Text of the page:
When the Founding Fathers devised the Constitution as a guide for future generations of Americans to govern the country, they were astute enough to put in place legal principles that transcend time to meet the needs of a changing world. Although they could not imagine the technological advancements the industrial revolution would bring, or the expansion the country experienced, they planned a secular government that could successfully address issues that affected the country then and into perpetuity. The Founders counted on a government of intelligent leaders who used common sense and concern for the country to make important policy decisions to protect the country as well as its citizens.
The Founders also put provisions in the Constitution to keep religion separate from government, and in fact, made sure that no religious test could be used for candidates for a political office as well as disallowing the government establishment of a state religion. Regardless of the Founders’ wishes and the Constitution’s prohibition on religion in government, Christian Reconstructionists and Dominionists have been on a rampage to install Christianity as the state religion as well as the driving force for policy decisions and the basis for legislation to decide the morality of the country. On Monday, Texas governor Rick Perry (R) sent out an invitation to the nation’s other 49 governors asking them to attend a religious meeting in Houston to pray and fast together.
Perry is contemplating a 2012 presidential run, and without a clear evangelical nut-job candidate to carry the cross of salvation into the White House, he hopes to fill the void and pick up the religious-right’s endorsement and support. The event that Perry invited the other governors to attend is the “The Response,” and is sponsored by the American Family Association, a Christian advocacy group that is responsible for the outrageous Personhood Amendment movement being promoted in more than a dozen states and counting.
The Texas governor, who flirted with the possibility of leading his state in seceding from the United States, posted a message on AFA’s website to express his profound religious belief that America’s only hope of peace and prosperity is through prayer and supplication. Perry wrote; “Given the trials that beset our nation and world, from the global economic downturn to natural disasters, the lingering danger of terrorism and continued debasement of our culture, I believe it is time to convene the leaders from each of our United States in a day of prayer and fasting, like that described in the book of Joel.” Perry continued that, “There is hope for America, and we will find it on our knees … [a]s a nation, we must come together, and call upon Jesus to guide us.” A brief perusal of the Constitution is enough to belie Perry’s assertion that calling on Jesus or any other Bronze Age deity is the only hope for our nation according to the Founding Fathers, and his admonition that the nation must come together on our knees is a sappy campaign ploy to garner support from the Religious Right and nothing else.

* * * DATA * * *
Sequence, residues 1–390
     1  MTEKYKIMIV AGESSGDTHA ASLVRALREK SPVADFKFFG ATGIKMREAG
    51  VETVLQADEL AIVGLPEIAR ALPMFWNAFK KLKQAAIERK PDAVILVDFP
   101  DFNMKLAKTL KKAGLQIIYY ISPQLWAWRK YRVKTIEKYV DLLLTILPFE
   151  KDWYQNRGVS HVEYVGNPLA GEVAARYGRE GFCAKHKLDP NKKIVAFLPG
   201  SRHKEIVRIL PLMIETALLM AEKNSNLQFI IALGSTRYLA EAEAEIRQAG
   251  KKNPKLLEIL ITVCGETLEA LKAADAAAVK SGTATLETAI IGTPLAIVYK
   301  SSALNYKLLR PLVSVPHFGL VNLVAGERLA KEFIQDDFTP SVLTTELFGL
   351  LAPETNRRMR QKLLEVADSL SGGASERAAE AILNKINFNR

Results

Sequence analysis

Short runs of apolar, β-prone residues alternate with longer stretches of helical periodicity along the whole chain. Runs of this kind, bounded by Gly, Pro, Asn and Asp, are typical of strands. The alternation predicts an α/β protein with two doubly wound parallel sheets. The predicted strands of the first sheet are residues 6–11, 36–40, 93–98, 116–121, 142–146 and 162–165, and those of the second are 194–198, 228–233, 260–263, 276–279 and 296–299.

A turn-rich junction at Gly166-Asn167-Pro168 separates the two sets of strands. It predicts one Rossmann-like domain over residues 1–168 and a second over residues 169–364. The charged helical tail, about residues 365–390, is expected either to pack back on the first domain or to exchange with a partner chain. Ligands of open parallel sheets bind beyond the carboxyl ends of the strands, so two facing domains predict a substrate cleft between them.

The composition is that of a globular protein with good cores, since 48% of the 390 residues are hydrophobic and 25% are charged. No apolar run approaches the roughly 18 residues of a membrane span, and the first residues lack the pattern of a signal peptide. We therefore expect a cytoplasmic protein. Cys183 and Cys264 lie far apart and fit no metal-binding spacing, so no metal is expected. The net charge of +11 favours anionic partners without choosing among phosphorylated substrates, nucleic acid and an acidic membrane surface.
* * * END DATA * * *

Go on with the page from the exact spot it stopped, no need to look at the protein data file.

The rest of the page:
The concept of using prayer to solve the nation’s problems is a trap meant to engender support for anti-gay sentiment as well as legislating morality in state legislatures, and recently, the United States Congress. Many evangelical preachers like Pat Robertson have claimed that regardless the faith and prayers of evangelical Christians; god has forsaken America because of rampant homosexuality and legal abortions. Although it is ridiculous on its face, blaming homosexuality and abortion for god ignoring prayers has emboldened conservative Christians to push for legislation to criminalize homosexuality as well as restrict access to abortion as a means of getting back in god’s good graces. There is a more reasonable explanation for god’s deaf ear to prayers from the faithful.